"They definitely bring it up," he added. "Whenever I meet people for the first time they know I'm not from here because of the way I speak and pronunciate."
Thompson’s Canadian basketball inspirations, too, are markedly different than those of his American teammates.
“The pioneers? Because I’m from Toronto, you got to say Jamaal Magloire. He’s the first-ever guy from Toronto to make it to the NBA. He was drafted first round. He was an All-Star. If anything, he’s probably the guru of Toronto basketball.”
A candid conversation about Cinnabon
Craig Smith was eating an energy bar and drinking bottled water before facing the Wizards. Good eating habits are important in the NBA, but Smith also knows that sometimes you get cravings, and you have to TREAT. YO. SELF.
Like any superhero or man, Craig Smith has a weakness.
Smith: “I think it’s a Cinnabon. I would have to say it’s Cinnabon. That’s just something really delicious.”
Me: “And you’re in airports a lot, and that’s where Cinnabon lives. Is that a problem?”
Smith: “Since we fly private, we’re not able to go in the Cinnabon. So it’s normally when I go back home … [laughter]”
Me: “There’s sort of a law of Cinnabon where if you’re in the airport for X amount of time, you will naturally find your way to a Cinnabon.” [Ed. Note: Brian Phillips created this idea, I think.]
Smith: “Yeah, you will naturally find your way there. I mean, it’s got something in there, man. A spell or something. I don’t know, man. [laughter]”
Because we are discussing Cinnabon, there is no reason to get into Craig Smith’s snowball fighting career at Boston College. “I was able to dodge out, slide, nail some people …” Right, nevermind.
Can’t Wes Matthews get a RT? It’s his birthday
No one has ever asked me for a retweet. But the pestering of celebrities for attention is a staple of Twitter culture.
“I think I’m gonna do that on my birthday,” Wes Matthews said. Turning to Elliot Williams, he continued: “I’m gonna ask you for a retweet on my birthday. That’s what I’m gonna do.”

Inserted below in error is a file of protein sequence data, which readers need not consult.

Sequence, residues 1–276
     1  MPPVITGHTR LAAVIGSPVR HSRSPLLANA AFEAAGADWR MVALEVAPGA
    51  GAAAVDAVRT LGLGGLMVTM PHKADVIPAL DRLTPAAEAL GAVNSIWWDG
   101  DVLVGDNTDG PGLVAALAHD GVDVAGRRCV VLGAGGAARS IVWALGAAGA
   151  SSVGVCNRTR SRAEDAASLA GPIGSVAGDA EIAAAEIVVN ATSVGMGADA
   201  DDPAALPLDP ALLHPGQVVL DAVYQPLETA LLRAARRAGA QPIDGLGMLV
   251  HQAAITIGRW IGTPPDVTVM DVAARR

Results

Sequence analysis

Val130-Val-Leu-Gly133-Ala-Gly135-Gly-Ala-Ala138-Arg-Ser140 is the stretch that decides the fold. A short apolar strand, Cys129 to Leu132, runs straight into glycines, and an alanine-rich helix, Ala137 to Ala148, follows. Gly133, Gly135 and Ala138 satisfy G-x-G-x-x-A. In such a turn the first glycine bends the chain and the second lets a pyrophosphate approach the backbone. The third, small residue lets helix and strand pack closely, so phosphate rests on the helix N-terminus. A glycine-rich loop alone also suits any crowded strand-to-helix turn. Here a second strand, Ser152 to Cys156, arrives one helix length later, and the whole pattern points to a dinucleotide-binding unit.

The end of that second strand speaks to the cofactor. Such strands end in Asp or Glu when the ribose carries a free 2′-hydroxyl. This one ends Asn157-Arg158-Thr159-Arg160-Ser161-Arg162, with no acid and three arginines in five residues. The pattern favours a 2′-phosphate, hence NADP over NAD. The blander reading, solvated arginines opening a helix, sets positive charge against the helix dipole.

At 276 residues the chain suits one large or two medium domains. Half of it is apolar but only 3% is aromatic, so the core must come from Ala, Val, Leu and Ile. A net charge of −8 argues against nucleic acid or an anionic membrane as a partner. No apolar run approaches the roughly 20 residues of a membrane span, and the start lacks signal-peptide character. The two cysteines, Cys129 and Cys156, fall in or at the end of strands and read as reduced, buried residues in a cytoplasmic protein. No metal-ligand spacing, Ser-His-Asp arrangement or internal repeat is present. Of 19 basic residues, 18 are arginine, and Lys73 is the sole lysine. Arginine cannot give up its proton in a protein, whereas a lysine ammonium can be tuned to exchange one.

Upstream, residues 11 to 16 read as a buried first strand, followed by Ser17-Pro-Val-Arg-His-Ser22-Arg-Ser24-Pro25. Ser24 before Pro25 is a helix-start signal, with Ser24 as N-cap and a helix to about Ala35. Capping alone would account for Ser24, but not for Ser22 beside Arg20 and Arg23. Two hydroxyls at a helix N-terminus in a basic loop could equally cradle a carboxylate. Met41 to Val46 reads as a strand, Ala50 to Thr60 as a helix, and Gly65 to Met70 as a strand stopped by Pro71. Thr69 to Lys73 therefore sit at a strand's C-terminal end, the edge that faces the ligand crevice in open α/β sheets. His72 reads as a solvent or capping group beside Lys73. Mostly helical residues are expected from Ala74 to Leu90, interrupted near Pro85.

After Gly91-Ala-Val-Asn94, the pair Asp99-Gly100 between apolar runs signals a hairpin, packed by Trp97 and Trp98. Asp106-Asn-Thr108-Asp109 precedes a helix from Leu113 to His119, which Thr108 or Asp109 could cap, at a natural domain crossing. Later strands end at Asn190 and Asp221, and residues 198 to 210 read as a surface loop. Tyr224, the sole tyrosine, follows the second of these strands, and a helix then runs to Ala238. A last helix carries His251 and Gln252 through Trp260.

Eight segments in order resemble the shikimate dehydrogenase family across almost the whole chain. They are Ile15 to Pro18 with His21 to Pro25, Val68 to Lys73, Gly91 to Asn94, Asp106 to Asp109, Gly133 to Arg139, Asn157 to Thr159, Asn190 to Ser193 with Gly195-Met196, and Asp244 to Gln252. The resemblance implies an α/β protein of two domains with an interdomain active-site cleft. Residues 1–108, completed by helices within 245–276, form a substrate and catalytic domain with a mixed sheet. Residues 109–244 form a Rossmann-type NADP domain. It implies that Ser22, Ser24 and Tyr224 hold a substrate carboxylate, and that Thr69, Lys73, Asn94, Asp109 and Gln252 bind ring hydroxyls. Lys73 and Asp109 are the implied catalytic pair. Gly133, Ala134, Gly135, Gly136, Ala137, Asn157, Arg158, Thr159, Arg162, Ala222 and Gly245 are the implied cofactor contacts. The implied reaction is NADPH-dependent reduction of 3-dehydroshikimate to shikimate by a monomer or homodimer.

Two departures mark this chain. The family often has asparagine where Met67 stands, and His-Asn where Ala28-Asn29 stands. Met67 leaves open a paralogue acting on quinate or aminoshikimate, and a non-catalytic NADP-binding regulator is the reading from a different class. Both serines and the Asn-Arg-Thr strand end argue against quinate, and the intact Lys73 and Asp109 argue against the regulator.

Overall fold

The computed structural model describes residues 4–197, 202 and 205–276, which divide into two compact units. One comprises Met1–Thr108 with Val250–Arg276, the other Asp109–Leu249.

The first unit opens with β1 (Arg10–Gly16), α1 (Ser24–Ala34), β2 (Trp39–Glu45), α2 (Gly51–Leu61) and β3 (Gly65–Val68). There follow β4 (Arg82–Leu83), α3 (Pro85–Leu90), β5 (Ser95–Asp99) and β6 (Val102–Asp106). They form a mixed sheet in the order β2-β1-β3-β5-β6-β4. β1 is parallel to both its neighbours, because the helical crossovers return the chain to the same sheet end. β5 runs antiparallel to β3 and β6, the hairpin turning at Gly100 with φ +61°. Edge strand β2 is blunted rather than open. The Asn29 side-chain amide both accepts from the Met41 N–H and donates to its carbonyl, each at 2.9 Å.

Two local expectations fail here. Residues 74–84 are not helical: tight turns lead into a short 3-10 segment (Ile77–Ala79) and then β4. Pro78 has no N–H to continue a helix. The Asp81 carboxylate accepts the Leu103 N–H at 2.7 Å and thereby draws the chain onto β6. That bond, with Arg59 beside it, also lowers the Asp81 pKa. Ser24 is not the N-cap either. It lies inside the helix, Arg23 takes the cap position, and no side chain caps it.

So, Elliot, can Wes get a birthday retweet?
“Oh, man, definitely!”
NBA and March Madness: Ah, college nostalgia
I asked Wes Matthews what his favorite class was. This was apparently a funny question.
“Favorite class? Pshhh — none?!” Matthews jokes. “I actually had a theatre for non-acting majors class. That was kind of fun.”
He continued, “Joel, what was your favorite class in college?”
Joel Przybilla: “I went one semester, I don’t even remember. ... I was drunk the whole time.”
Wes Matthews: “Coors Light, huh?”
Note: Joel Przybilla actually left Minnesota midway through his sophomore season.
Nate Robinson is so Seattle right now
I had heard people in Seattle don’t carry umbrellas, so I asked south Seattle product Nate Robinson if that was true.
“Umbrellas?” he repeated. "They do, they have them. But I'm sure, like most of the people, I don't ever use them. I mean, for what? Rain is rain."
Hmm: So what is Seattle?
"When I put ranch on my pizza, people say that's a Seattle thing. That's what we do back home. Teriyaki Chicken spots, they don't have those. Makes you miss Seattle. The rain, when we're at other places, makes me miss home. Been growing up with it. Great football weather, so I was cool with it.”
So fuck coffee, Mudhoney, and what you heard. Seattle is ranch on pizza.